International Investments Bailout Reason #1: Value. In real estate three things count most, location, location and location. In equities three different things count, value, value and value. I am not a market timer. Market timing almost never works! I look at value. I have worked with Jyske bank and Michael Keppler, two of the value experts of the world, for nearly 20 years. Last year many emerging markets dropped, but the value of these markets remained good.

I held.

This year though these markets were rising their value turned bad.

I sold.

International Investments Bailout Reason #2: Portfolio Management. These messages have looked at the importance of PIEC investments and three phase investing for years. Each of us should invest in what we enjoy and do best. We should focus our biggest investment there, (first phase). This first phase is normally our business or income producing activity. Second phase investments should be in safe, secure investments such as AAA bonds. The third phase is our higher risk, higher yielding investments such as equities. This third phase should be a smaller portion of our portfolio. As reported, Merri and I have stepped up our real estate investments in Ecuador. (See why in tomorrow’s message). So it made sense to my portfolio to reduce some aspect of our third phase investments. Ecuador Real Estate looks like a better value than equities to me. So I took profits on the shares and reinvested into AAA rated bonds.

International Investments Bailout Reason #3: Personal. Also as reported astrology is a part of my decision making process. My liquidation took place at a time when my chart suggested strongly that I sell very profitable holdings. There was also a reason for me to invest in Scandinavia. A recent message shared this fact and said:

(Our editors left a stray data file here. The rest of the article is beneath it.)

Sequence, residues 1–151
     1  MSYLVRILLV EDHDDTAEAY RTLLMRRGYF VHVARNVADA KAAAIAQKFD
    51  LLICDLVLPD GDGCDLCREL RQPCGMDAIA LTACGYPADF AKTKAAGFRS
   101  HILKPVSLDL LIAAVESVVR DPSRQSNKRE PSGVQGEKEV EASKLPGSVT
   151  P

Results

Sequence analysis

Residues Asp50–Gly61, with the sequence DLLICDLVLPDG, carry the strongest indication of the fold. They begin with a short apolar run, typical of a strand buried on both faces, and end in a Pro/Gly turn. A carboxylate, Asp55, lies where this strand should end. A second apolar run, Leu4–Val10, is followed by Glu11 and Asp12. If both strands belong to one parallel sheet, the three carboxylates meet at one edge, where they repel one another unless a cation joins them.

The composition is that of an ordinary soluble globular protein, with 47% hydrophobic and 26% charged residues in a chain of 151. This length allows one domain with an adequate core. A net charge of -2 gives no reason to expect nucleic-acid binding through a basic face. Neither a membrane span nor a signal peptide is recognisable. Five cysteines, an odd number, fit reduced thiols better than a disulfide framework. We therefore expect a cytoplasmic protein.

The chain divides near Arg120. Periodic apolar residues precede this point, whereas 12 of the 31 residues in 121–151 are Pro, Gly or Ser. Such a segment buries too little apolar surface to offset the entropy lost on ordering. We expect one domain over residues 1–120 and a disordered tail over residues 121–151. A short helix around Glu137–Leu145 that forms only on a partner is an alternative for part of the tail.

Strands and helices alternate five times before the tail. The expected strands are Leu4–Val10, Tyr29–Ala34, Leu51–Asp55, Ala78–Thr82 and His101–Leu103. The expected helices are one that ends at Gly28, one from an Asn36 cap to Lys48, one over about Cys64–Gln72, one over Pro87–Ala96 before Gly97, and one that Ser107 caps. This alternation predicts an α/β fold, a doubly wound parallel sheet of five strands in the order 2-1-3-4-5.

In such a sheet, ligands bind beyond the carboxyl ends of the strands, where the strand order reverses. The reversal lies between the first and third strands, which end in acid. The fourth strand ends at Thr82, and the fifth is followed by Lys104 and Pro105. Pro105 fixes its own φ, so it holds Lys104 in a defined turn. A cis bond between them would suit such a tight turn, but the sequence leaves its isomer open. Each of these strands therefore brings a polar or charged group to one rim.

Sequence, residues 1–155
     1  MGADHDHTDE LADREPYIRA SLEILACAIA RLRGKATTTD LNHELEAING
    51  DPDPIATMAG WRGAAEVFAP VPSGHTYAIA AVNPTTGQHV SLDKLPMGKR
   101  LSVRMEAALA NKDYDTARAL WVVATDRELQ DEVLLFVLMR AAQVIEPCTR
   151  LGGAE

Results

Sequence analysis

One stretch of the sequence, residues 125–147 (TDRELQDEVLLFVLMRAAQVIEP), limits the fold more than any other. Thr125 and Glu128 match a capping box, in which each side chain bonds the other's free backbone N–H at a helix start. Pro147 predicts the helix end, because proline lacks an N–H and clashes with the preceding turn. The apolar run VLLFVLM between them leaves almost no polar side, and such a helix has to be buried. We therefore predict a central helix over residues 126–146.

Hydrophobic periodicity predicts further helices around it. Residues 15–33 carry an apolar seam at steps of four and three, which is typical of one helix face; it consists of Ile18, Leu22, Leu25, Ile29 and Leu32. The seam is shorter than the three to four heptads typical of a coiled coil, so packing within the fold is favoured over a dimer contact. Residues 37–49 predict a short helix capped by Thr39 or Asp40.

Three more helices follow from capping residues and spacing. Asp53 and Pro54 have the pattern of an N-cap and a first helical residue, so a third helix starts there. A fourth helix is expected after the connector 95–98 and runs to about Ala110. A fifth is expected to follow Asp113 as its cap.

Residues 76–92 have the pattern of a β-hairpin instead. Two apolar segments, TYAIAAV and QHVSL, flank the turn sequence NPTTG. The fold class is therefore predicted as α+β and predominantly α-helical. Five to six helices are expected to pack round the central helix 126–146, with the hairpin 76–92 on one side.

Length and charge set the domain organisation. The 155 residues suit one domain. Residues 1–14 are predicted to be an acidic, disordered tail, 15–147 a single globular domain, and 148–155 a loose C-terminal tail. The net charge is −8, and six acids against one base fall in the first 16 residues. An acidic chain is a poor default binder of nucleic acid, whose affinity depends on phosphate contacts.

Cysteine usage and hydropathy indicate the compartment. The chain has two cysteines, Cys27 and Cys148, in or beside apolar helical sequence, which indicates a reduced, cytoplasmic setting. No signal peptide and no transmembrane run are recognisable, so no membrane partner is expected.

“Value in the Stars. There is one more reason why I like Scandinavian countries. Merri’s and my astrological charts suggest that we are very compatible with these countries.”

One reader responded with this: “Gary, O´Gary, Please send out an immediate follow-up to tell us that that remark is completely and solely tongue-in-cheek. Assure you are not really a mystic who lets some utter nonsense like astrology, the reading of tea leaves, or the examination of chicken entrails play any part in the critical decision making process of trading investments, where a clear, objective mind is absolutely imperative. Tell us you were grinning ear-to-ear and laughing your ass off when you wrote those words as a joke. Tell us, PLEASE!”

I wonder if this reader liquidated his Asian shares in his international investments portfolio just weeks before this latest big drop? International investments are rarely objective. There however is a more important point. Every person should a unique information processing system that is comfortable. The purpose of having money is to feel more comfortable. Consult with experts yes, but in the end, have a way to make decisions.